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What's in Store: Local fish, local support

Giving back to fishing community important to one N.C. seafood retailer

By Christine Blank
November 01, 2009

Bill Rice grew up around the seafood industry in the Beaufort, N.C., area where he now owns the Fishtowne Seafood Center retail market. Rice's family owned a commercial fishing boat when he was younger, and the seafood business was always something he wanted to be involved in. After moving away and graduating from college, Rice had wanted to start a farmed fish operation; instead, he worked as a contract chicken producer for a large supplier for a few years.

"Large-scale agribusiness was a little overwhelming, and I have always been intrigued by wild fish, so I decided to come back to this area. We have always had an abundance of shellfish and fish here," says Rice. Soon after moving back to Beaufort with his family, Rice purchased a small wholesale seafood company. That was six years ago, and the business has since been expanded by 750 square feet to 2,000 square feet. Its customer base has also grown to include retail and wholesale customers, including around 10 regular restaurants and select retailers.

"Cutting fish is our specialty, so we needed a facility to cut the volume of fish," says Rice.

The overriding philosophy of Fishtowne is to buy local seafood, thereby supporting the fishing industry in the small towns along the North Carolina coast.

"I live in this community, and raise my family here. We have a very unique fishing community, comprised of six different communities that are built on commercial fishing. While the large-scale type of fishing is a dying industry, there are smaller operators that are making a living at it," says Rice.

Over the past 10 years, the volume of imported seafood has put pressure on the local seafood industry and driven some operators out of business, according to Rice. "I think we have seen the effect of imported seafood on our industry: It has crippled it," says Rice.

Still, during the recession Fishtowne's customers are buying more local seafood, according 
to Rice.

"We are in a town that has 
always had fishing, and people like to support it. If it weren't for local people, we would have to close our doors," says Rice. "With local, there is transparency: People know where their fish comes from, and we clean it well."

In addition, food safety concerns and health is top-of-mind at Fishtowne.

"There is a lot of collaboration from a food-safety standpoint here: the North Carolina Department of Health and Environmental Resources, the North Carolina Department of Agriculture and the North Carolina Division of Marine Fisheries [work with us]," says Rice.

To that end, Rice sources a wide variety of local seafood and recently got involved in the Walking Fish community supported fishery (CSF). The CSF, formed by Duke University and Carteret County fishermen, started in mid-September and runs through Dec. 10.

As part of the CSF, in which members buy shares for between $70 and $420 each, Fishtowne makes weekly deliveries of approximately 1,000 pounds of seafood from Beaufort to Durham, N.C. Other local retailers working with the CSF include Blue Ocean Market in Morehead City, Capt. Jim's Seafood also in Morehead City and Tripps Seafood in Beaufort.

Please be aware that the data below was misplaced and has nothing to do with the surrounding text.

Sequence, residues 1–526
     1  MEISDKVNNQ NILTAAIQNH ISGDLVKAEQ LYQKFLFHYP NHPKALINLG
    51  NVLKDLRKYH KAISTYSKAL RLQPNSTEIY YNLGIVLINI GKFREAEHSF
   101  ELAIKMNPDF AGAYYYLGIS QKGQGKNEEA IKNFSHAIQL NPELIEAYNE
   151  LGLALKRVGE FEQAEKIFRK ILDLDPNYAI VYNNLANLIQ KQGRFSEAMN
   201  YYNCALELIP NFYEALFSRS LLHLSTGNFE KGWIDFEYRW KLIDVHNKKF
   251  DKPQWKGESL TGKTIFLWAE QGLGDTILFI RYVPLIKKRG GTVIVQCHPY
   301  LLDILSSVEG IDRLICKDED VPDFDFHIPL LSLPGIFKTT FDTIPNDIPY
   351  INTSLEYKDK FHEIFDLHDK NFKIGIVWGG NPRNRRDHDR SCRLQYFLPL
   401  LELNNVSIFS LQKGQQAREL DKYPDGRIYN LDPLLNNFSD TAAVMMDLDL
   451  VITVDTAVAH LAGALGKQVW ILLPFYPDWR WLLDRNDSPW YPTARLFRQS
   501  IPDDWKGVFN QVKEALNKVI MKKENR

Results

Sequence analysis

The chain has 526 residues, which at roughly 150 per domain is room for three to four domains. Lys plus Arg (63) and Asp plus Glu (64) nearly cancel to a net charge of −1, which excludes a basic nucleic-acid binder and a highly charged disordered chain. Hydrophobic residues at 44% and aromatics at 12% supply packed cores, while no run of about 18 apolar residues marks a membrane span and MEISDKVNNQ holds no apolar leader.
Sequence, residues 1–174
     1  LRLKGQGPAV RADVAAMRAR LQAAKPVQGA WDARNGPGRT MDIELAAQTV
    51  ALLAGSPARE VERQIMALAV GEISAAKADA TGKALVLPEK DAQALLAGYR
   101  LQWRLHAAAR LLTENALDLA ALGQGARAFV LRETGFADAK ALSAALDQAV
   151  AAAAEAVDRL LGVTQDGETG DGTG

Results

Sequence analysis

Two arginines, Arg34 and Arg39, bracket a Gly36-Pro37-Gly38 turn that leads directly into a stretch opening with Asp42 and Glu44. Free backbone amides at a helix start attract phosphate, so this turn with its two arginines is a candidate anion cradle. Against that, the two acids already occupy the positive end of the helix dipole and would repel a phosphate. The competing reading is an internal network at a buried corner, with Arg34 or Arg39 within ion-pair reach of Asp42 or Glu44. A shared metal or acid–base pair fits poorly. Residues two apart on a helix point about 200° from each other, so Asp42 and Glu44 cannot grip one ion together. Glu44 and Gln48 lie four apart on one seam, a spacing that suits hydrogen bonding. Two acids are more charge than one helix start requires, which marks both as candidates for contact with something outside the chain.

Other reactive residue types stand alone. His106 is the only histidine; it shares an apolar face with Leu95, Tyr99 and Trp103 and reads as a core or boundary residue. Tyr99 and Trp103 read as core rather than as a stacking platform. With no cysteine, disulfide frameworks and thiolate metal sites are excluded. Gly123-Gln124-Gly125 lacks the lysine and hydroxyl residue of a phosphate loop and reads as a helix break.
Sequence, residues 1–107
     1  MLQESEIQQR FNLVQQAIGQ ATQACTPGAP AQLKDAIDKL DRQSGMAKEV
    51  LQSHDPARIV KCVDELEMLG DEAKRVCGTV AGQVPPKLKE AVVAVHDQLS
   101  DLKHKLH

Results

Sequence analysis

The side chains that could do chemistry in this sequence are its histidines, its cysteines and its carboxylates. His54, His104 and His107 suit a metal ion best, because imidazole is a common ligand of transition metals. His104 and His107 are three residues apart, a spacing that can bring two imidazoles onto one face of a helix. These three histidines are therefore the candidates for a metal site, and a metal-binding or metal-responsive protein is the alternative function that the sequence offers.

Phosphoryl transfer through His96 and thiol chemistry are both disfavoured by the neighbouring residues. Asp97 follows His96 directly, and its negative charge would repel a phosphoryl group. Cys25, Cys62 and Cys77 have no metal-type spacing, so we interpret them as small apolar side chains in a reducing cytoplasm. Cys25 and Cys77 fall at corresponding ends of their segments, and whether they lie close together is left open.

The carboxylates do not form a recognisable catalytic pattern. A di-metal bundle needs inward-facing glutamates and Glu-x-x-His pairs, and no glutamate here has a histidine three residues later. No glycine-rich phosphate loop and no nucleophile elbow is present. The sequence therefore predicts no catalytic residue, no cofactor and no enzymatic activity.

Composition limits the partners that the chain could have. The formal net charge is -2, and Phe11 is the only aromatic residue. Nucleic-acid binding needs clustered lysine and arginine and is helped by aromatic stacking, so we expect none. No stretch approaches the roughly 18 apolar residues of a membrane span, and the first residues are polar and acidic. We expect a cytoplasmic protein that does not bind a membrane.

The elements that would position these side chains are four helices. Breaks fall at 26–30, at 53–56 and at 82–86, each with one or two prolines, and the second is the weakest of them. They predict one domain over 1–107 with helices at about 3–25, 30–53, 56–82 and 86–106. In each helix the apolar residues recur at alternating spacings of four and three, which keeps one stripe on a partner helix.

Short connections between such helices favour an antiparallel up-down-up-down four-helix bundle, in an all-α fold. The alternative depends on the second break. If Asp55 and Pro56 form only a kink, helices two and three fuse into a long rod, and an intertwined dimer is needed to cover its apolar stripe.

Fishtowne cleans and fillets a different fish every week, then packs it in individual bags for around 400 members of the Walking Fish CSF. "I buy something different every week from various fishermen. I would like to offer shrimp or clams to go along with the fish," says Rice. Fishtowne is piloting the program with Duke University, so the market is buying the fish and making deliveries.

While the processing and bagging of fillets is time-consuming, Rice believes the CSF will be good for his business and North Carolina residents.

"It is a lot of labor, but I think it will help me sustain my business in tough economic times," says Rice.

Also, residents of Durham, who are not as close to the coast, will likely be more supportive of local fisheries and sustainable fisheries, he believes.

Fishtowne is also a member of Carteret Catch, a nonprofit organization that supports local fisheries through public marketing and education, which is raising the awareness of local fish.

While customers understand that local seafood is subject to availability, Rice's goal is to supply as wide a variety of seafood for as long as possible.

"Anything that can be caught in our area, including shrimp, oysters, crabs, shallow-water flounder and trout, we carry. In season, I also try to carry grouper, ahi, triggerfish and snapper," says Rice.

Triggerfish, which has a firm white flesh and sweet flavor, is very popular with local restaurants and residents, Rice adds.

Although Fishtowne does not make a practice of selling imported seafood, it will supply Canadian farmed salmon and king crab or snow crab upon request.

The difficulty with supplying North Carolina seafood is maintaining a variety of seafood year-round, says Rice. Still, he is able to source flounder, jumping mullets, oysters, clams and other seafood in the winter months. Shrimp is also in supply for most of the year, because three different varieties of shrimp are caught in the area.

While local and sustainable have been important buzzwords nationwide in recent years, Fishtowne is putting those concepts to work by buying from North Carolina fishermen and supplying local seafood to its community. As Rice says, the hope is that more North Carolinians will recognize the variety and quality of seafood that the state's coastline provides.


Contributing Editor Christine Blank lives in Lake Mary, Fla.


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